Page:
As with all writers who have a spark of an idea, I knew the rough story outline. However, there were so many elements in that story that I had the dawning realisation I would have to decide. It simply wouldn’t cut it to say well it’s a bit of this and a bit of that, with a dash of this and the other thrown in.
Of course many people will say to you – just write the book and then see where it fits in. By choosing to stay open to writing in any genre you are free to pursue any idea that grabs you. That’s great if your books are written in a constant stream of higher consciousness as I had once naively dreamt. Sorry to burst your bubble but writing a novel means large intakes of breathe every now and then. You need to plot, plan and assess your work to ensure it is staying on track, resulting in a process that’s so much longer than writing poetry from the heart or an inspired moment in time.
The topic of genre becomes crucial if you intend to market your book to a wider audience. In short, genre is about marketability. As someone who has written for corporates in marketing, I’m all too aware of the importance of marketability. If you don’t market your goods, products, services, or novel, to your target audience, well quite simply you don’t have a target audience that knows where to find you.
Identifying genre can actually help you in your writing process as I found out when I attended a recent workshop with Bloomsbury Press. I had developed my pitch based on a ‘genre-crossing’ novel. Of course I thought I had cleverly masked the fact I wasn’t sure whether my novel would fit onto a historical category or a philosophical category. It did both in my mind, but that wasn’t enough.
The feedback I received was invaluable. I could still have all the elements I wanted included in my novel, but the ‘cross-genre’ idea just wouldn’t fly with this particular publisher. After discussing the storyline it became clear that what I had been working on was indeed historical fiction. To take you back to my first point, this decision was based on not only content, but ‘marketability’. I have to say the sense of relief to finally nail my genre led me to the realisation that knowing your genre has it’s benefits.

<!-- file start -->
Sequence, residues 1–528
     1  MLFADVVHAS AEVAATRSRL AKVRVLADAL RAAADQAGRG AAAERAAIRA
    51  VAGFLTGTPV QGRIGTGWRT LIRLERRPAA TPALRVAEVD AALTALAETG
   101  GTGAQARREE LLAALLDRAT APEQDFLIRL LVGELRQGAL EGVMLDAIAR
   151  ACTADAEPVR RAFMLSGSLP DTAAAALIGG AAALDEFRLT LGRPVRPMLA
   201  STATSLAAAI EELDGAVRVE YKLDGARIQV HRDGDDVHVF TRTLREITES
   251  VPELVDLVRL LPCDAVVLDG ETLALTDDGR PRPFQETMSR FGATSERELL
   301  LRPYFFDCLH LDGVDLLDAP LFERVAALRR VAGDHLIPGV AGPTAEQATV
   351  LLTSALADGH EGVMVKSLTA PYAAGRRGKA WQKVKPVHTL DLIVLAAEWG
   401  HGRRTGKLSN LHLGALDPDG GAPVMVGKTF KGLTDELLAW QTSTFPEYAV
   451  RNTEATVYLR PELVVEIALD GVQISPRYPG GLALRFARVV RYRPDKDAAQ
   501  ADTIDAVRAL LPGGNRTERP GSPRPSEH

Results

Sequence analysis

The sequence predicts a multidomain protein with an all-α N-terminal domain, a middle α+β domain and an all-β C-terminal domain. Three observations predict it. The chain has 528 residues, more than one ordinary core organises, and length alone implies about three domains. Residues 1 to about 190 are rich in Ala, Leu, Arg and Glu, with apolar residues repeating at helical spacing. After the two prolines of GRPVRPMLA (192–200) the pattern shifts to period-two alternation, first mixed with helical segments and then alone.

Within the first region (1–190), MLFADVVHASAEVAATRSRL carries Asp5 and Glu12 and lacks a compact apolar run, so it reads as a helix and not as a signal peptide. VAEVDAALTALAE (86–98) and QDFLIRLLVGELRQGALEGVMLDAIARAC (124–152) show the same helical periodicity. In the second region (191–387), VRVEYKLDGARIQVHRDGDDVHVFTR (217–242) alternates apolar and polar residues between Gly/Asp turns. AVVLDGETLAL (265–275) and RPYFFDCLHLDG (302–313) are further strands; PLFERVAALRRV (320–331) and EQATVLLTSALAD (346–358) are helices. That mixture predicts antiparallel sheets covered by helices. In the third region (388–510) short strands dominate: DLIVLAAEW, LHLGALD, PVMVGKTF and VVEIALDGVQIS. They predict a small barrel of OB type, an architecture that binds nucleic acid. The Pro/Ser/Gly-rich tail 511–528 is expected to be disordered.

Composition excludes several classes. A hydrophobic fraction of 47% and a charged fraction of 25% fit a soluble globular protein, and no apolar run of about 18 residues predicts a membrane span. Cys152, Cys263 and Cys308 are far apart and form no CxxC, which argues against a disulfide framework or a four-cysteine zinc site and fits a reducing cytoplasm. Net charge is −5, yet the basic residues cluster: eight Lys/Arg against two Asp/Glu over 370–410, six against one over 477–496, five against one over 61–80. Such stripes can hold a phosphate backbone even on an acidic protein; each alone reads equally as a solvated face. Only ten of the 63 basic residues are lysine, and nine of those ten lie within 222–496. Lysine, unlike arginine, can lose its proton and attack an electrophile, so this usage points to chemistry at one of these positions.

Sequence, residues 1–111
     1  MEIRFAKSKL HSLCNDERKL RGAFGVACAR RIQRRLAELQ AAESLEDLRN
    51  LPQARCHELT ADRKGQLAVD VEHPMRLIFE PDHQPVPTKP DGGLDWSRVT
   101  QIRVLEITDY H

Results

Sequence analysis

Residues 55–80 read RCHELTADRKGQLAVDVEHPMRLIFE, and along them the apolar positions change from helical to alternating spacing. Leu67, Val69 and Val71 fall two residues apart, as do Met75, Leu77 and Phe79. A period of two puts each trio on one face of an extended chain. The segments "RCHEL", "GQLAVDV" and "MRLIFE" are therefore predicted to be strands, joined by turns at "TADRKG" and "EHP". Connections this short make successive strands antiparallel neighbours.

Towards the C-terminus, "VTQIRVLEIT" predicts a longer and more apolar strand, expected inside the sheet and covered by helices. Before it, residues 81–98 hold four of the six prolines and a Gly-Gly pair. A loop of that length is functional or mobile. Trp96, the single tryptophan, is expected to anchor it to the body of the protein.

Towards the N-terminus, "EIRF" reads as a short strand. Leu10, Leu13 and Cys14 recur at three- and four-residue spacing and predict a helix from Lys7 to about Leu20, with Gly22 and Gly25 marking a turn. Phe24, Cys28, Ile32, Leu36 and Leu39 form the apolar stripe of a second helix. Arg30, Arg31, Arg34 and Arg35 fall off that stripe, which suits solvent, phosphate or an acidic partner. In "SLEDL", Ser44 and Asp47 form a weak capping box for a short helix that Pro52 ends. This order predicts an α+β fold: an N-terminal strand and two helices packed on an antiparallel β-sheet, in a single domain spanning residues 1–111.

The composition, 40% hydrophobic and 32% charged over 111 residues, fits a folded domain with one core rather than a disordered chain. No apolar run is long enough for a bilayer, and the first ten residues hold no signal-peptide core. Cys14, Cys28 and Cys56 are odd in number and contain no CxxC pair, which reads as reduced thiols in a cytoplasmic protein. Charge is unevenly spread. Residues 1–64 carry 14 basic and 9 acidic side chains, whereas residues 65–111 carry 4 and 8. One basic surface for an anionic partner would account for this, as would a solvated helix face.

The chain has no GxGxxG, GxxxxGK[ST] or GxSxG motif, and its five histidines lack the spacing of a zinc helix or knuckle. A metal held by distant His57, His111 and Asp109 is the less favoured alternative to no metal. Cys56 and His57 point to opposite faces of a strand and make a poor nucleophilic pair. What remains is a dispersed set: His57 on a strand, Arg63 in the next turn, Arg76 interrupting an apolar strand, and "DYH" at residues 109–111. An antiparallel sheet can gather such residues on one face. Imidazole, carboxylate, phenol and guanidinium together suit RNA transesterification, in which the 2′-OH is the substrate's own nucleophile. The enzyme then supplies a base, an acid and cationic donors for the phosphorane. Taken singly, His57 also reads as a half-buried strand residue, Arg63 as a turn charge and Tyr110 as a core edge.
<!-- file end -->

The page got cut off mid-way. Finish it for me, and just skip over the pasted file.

- Constraints breed creativity. Sometimes having some rules to write by actually makes you more creative. When you can write about anything it can be difficult to know where to start and often you find your story taking you off on a tangent.
- You look more professional. It’s important for agents and publishers to see that you understand genre and the need to build a platform. If you have a clearer vision of where your title fits in they will view this positively and they will have confidence in your willingness to market yourself.
- You become known as an expert. The more you write in one genre the more people see you as an authority in that area.
- It’s one less choice to make. This benefit I cannot stress enough. It was as if someone had literally taken the fog and indecision from my mind. As a writer building a career your life is filled with endless choices. Now you have one less!